Opinion: Gardner-Udall Will Be a Heavyweight Fight

February 2014

Just when you thought this year’s campaign season in Colorado would be more of the same—a GOP menagerie of characters trying to unseat bruised but well-funded Democratic incumbents, with the net results remaining unchanged—Cory Gardner has thrown a wrench into the whole thing.

This week, Gardner, the District 4 Congressman who was a lock to retain his seat in the United States House of Representatives, decided to see how his long-held stature as one of the Colorado Republican party’s rising stars might play on a bigger stage when he announced that he was abandoning his House race to run against Mark Udall for our senior Senate seat.

Before Gardner’s entry, the GOP primary was expected to be a cannibalistic free-for-all that would burp up whichever candidate had the fewest bite marks to face the incumbent. Udall’s $5 million war chest eclipsed that of the other candidates put together—Amy Stephens, Owen Hill, Ken Buck, and three minor aspirants.

Now, everything’s changed. Stephens has already dropped out, and Buck will now run for Gardner’s vacated seat. (He’s expected to easily win the conservative Eastern plains district.) Only the Tea Party darling Hill is still in the race, and is grousing about supposed “backroom deals” he says Gardner cut with party officials.

With control of the U.S. Senate up for grabs in 2014, this will be one of the most watched races in the country. We can expect a record amount of dollars and endless partisan ads to flow through the state between now and November, because even if Gardner becomes the only Republican to win a hotly contested Colorado race, the prestige of the Senate seat alone will spur talk of the state GOP finally emerging from its multi-cycle hibernation.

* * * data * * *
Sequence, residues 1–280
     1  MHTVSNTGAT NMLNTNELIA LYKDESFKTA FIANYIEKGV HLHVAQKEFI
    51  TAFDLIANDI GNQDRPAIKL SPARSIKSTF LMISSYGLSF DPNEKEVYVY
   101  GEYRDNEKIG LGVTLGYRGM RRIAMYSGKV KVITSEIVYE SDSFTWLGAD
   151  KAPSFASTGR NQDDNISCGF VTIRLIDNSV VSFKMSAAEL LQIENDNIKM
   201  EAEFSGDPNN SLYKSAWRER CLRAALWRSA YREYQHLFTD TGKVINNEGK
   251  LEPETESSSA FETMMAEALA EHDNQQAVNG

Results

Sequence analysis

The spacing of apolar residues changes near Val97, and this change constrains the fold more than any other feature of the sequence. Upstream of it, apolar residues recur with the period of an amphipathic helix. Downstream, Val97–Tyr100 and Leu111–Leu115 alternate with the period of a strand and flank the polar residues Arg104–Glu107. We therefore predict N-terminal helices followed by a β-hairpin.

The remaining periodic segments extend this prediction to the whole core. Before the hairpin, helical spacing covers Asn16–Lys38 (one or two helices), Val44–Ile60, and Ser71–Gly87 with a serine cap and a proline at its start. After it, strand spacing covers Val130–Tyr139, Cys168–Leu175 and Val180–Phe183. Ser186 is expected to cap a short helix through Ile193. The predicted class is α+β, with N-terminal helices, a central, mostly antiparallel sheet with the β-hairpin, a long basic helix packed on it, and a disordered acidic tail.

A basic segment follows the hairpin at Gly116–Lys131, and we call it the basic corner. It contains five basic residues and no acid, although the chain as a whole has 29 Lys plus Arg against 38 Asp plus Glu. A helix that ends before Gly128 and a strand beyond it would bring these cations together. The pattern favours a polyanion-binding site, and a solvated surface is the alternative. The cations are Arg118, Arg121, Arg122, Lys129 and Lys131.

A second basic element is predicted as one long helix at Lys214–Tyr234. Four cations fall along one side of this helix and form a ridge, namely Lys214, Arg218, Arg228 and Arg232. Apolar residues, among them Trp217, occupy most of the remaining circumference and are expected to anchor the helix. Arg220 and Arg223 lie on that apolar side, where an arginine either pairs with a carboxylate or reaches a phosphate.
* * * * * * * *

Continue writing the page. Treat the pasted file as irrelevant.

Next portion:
Senator Udall is vulnerable. Despite his current fundraising advantage (which may evaporate), his office has spent the past few months fending off accusations that it tried to intimidate state insurance officials into fudging Obamacare enrollment and cancellation numbers. Gardner made that one of his talking points—albeit a disingenuous one—before he even entered the race, and every GOP candidate in the country will be hammering on the Affordable Care Act (whether or not it’s actually working) as long as it keeps scoring points.

For now, Udall will keep playing defense. But before we anoint Gardner as the favorite, he’ll have to prove that the extremely conservative voting record he’s leveraged so well along the Eastern Plains can resonate in a statewide race. For example, he has received an A+ rating from the NRA and also has supported the retrograde “personhood” Constitutional amendment that Colorado voters have repeatedly rejected by wide margins.

In short, what was already a lively political year in Colorado just became downright manic. Such is life in this perpetual swing state. It’s intriguing and occasionally aggravating, but it’s never dull.

—Image courtesy of Shutterstock.

Follow 5280 articles editor Luc Hatlestad on Twitter at @LucHatlestad.